The renegotiation of BT’s contract to deliver IT to the NHS in London puts the final nail in the coffin of delivering primary care systems through a local service provider.
The new deal, known as CCN3, has removed the provision of GP solutions. The GP Systems of Choice framework will now pick up the tiny number of systems deployed under BT’s contract.
The move, widely predicted and first reported in EHI Primary Care in 2008, confirms that the 2003 vision of providing single systems through LSPs is dead, at least in London and the South (where there was never a contract to deliver a GP solution).
The situation is different In the North, Midlands and East, where more than 1,000 TPP SystmOne systems have been provided under the LSP contract.
However, it is just possible to imagine NME practices switching to GPSoC, depending on the outcome of the contract negotiations with LSP CSC, which were thrown into uncertainty when University Hospitals of Morecambe Bay NHS Trust to go live with iSoft’s Lorenzo system at the end of March.
Slow, slow, stop stop
In London, BT always struggled to make headway with GP systems. By the summer of 2008, it had managed to deploy just 85 Vision systems from INPS.
Around the same time, the London Programme for IT started to refocus its ambitions for the capital on providing a shared patient record through integration between the ‘best of breed’ systems being deployed to the primary care, community and acute sectors.
LPfIT decided that since the vast majority of London practices were already on EMIS or INPS under the GP Systems of Choice framework there was little point in offering the system outside of the initiative.
Approximately 1,100 practices in the capital are EMIS users and another 300 are INPS users under GPSoC. The remainder, just under 10% of the total, are on other systems.
Yet the new deal with BT also abandons plans for a London-specific shared patient record. Instead, NHS London will focus on using the national Summary Care Record, which it wants to see rolled out to all patients in the capital who want one by the end of the year.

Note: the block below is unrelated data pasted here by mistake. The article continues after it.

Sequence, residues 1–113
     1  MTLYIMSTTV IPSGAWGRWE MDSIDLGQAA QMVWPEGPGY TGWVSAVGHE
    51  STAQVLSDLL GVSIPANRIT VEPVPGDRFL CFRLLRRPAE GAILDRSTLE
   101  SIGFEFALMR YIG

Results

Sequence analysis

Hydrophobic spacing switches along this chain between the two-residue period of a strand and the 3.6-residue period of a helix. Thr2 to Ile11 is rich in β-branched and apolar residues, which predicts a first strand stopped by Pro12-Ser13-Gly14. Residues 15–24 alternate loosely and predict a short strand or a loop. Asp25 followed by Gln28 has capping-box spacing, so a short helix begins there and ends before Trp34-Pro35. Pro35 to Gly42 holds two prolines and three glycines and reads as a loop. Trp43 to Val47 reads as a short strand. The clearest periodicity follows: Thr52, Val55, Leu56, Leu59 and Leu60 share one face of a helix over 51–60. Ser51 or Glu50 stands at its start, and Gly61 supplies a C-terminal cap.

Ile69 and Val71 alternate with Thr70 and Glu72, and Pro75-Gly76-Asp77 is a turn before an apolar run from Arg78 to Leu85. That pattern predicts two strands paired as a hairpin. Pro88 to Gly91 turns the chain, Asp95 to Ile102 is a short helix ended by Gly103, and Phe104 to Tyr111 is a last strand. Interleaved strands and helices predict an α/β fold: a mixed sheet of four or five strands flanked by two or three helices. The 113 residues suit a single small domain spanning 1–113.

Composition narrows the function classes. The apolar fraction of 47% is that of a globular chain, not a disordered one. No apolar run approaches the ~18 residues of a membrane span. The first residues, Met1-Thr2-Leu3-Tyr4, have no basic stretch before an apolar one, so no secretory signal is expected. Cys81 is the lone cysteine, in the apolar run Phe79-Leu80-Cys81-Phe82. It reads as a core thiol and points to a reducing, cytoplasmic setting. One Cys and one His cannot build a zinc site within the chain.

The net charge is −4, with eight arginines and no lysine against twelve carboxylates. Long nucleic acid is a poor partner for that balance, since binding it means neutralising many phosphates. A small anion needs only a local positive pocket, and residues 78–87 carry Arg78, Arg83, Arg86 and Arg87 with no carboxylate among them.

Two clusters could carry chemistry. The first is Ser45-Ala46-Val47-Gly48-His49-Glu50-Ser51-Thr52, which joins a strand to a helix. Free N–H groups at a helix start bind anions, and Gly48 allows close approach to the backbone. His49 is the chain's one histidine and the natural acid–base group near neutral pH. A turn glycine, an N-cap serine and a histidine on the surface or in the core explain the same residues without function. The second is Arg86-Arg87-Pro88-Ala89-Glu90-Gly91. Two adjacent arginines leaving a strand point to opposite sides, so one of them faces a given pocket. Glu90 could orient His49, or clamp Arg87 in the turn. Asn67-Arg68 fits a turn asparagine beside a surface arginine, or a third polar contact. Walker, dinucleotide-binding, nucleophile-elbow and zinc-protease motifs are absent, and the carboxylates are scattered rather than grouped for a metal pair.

London GP Dr Paul Cundy, a former chairman of the RCGP and BMA Joint IT Committee, who vocally campaigned for system choice, believes CCN3 is good news for the capital’s 1,500 practices and sheds no tears for the loss of the Londonwide shared patient record.
“I’m pleased that they are not going to waste money on something that’s never going to be deliverable,” he says.
LPfIT’s 2008 plan was for BT to develop an integration engine to enable its ‘best of breed’ solutions to interoperate – EMIS and INPs for primary care, RiO for community, child health and mental health and Cerner Millenium for the acute sector.
Dr Cundy says he wants electronic communication with hospitals across London to deliver discharge summaries, referral information and results, but believes point to point messaging can do the job.
“Systems like Path Links, which we also use for x-rays as well as pathology, may not be the latest state of the art technology or generate enormous fees for management consultants – but they work,” he adds.
Dr Cundy believes the SCR will “never be a safe way to share information,” pressing the case for messaging systems instead.
However, Dr Grant Ingrams, current co-chair of the Joint IT Committee, believes a summary record – including the initial upload of allergies and medications plus a summary of morbidities – would be useful.
He says: “There will be choice about what goes into it and what’s left out so those using it will need knowledge and training about how to use it but I think it could be as useful as anything else if its added to by all sides.”
Like Dr Cundy though, Dr Ingrams welcomes the move to abandon the creation of a London Shared Patient Record and argues the creation of “one colossal record” would be bad for patient care.
He also would have liked NHS London to go much further and to scrap the entire LSP programme, leaving London hospitals free to choose systems on the basis that they would interoperate with the rest of the health service.
So far, the contract reset has scaled back but not stopped the number of Cerner Millennium implementations in the acute sector.
It has also placed some limitations on the community and mental health contracts, although LPfIT has told EHI Primary Care that any trust that wants RiO can have it. The cast majority of primary care trusts, 29 out of 31, have already got RiO – and those without it have made a deliberate decision not to deploy the system.
Dr Ingrams would also like to see the LSP deal scrapped in the NME, with the NHS freed from the need to take LSP systems and the GP LSP systems moved onto the GPSoC framework.
He argues: “The vision within the LSP contracts was never workable and it was never what general practice wanted or needed.”